Planning for a public event? Security is more than just a guard on the gate…
The security for public events has changed drastically over the last 10 years putting an increased premium on the role of Security and security planning for an event.
In years gone by, public event security was largely hired to check tickets at the gate and walk the perimeter, but a security presence all over the event is now key to ensuring the event is a safe and fun experience for everyone.
As events have become increasingly regulated and health and safety has become a critical factor at any event, security planning has become a corner stone of any public event. From your small free to enter community event in the local park, street parades or large music and entertainment events, the security planning process remains the same. Gone are the days that you would just calculate 1 guard per 100 visitors or just cover the emergency gates. Today’s planning is very thorough.
To help you think about how to plan your event and avoid the traps AJ Tracey fell into, in Manchester, here are some key points to consider, for example:
You must be familiar with your venue
By knowing the venue inside out you will be able to determine how porous the venue is, and this a key factor when determining the amount and type of event security you would need. This will also enable you to put your plan on paper by creating a diagram by position and task. Once you have created this dot plan you will be able to brief the guard deployed and they will be able to visualise the entire security strategy instead of just understanding their role on one position. For outdoor venues this will enable you to set boundaries and recommend any additional security solutions like temporary fencing, gates and so on.
Understand attendee risk
What type of event is it? Are there any attendees that can pose a risk or represent a company or movement that cause controversy that might lead to protest on confrontation? For out door events is there any other events, marches or protest in the vicinity of your event that might cause disruption or increased risk to your visitors?
Crowd Control in public event security
This is one of the main functions of the event security officer and they may be asked to perform some of the following tasks. Keeping key points of the site clear and moving by asking visitors that might be blocking an emergency exit, creating a cordon when dealing with an emergency, access control by checking tickets and searching bags, restricting access to back of hour and VIP areas. To name a few. It is also really important to ensure the venue or event never exceeds the venue capacity as this will cause overcrowding and may lead to serious injury or even death.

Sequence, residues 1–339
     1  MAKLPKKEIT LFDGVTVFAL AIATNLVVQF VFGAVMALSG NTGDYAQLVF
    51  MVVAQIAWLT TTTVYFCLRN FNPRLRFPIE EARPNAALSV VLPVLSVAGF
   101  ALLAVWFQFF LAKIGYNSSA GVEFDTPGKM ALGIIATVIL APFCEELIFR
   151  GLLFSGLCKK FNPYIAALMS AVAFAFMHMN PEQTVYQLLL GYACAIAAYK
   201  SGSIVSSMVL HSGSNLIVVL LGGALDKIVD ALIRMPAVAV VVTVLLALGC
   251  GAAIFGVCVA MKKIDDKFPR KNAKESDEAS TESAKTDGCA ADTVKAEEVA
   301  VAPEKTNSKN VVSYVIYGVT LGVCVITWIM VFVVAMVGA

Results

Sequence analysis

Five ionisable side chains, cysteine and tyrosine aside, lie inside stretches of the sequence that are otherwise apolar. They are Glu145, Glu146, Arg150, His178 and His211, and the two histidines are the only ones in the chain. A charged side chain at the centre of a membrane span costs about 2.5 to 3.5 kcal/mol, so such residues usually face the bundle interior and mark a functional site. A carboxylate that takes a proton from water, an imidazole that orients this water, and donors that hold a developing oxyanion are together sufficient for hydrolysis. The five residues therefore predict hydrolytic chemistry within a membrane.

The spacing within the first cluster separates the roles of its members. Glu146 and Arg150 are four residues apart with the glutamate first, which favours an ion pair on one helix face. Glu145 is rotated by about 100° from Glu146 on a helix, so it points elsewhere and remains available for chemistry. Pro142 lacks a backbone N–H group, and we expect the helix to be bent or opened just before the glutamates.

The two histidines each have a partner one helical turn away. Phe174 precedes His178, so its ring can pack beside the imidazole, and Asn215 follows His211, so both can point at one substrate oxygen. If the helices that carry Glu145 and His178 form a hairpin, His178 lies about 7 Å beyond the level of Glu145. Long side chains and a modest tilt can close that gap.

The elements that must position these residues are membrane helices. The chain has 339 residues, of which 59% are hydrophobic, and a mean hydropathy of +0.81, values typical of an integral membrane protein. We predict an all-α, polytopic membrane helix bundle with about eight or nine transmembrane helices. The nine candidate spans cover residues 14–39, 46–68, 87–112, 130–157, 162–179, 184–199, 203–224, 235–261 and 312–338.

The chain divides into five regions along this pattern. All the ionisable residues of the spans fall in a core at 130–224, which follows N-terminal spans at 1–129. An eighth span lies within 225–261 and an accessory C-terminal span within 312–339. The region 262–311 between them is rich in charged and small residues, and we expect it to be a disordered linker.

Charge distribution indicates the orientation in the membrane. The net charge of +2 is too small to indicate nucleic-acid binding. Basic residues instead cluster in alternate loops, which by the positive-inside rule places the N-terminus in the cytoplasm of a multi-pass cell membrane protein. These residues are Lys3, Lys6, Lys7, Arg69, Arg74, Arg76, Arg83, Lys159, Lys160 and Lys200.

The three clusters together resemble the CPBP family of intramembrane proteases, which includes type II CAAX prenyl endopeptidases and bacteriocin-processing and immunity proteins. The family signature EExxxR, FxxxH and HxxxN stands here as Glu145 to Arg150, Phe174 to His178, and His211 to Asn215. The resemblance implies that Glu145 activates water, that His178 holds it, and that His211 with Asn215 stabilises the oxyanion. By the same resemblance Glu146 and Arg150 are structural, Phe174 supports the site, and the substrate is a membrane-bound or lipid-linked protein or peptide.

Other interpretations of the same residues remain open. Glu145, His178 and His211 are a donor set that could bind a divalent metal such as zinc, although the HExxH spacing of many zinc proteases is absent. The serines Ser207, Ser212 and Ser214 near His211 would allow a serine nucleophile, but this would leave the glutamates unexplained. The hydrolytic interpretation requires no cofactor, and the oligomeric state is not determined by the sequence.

Assessing the potential of a terrorist or large-scale attack
Over the past ten years this has become a real risk for large outdoor events and festivals as they pose a soft target of large amounts of people gathered together with temporary infrastructure to protect them. It is because of this that we spend more and more time ensuring that we have HVM plans in place (Hostile vehicle mitigation), a robust searching setup and ensure that all the guards deployed have done as much training as possible to ensure that all parties involved have a firm understanding of what is expected of them and why the plans are in place. Following the Manchester bombings, a new law called Martyn’s Law, which will force event organisers and security suppliers to ensure that they have considered all potential risks and that a robust plan is in place before the event can go ahead.
Good communication is key
It is really important to have a good communications plan in place and also make sure you have other methods of communication in the event of an emergency. Keeping communication tight is vitally important to firstly make sure that the message goes to the right person and it is as clear and concise as possible, secondly to avoid misunderstanding and panic for example if they guard do not sue the correct code words and a member of the public hears a guard message to the control room as this can cause panic.
Venue/Event evacuation plan
This is a culmination of all of the above and the most important part of your Security plan/Strategy, and in my view it is what determines the minimum security numbers needed for the event.
Gallowglass Security take great pride in our event security planning and event security services. Events are in our DNA and with our years of experience there is very little we have not prepared for or dealt with. If you are considering a public event, please contact us to help you plan for a fun, safe event.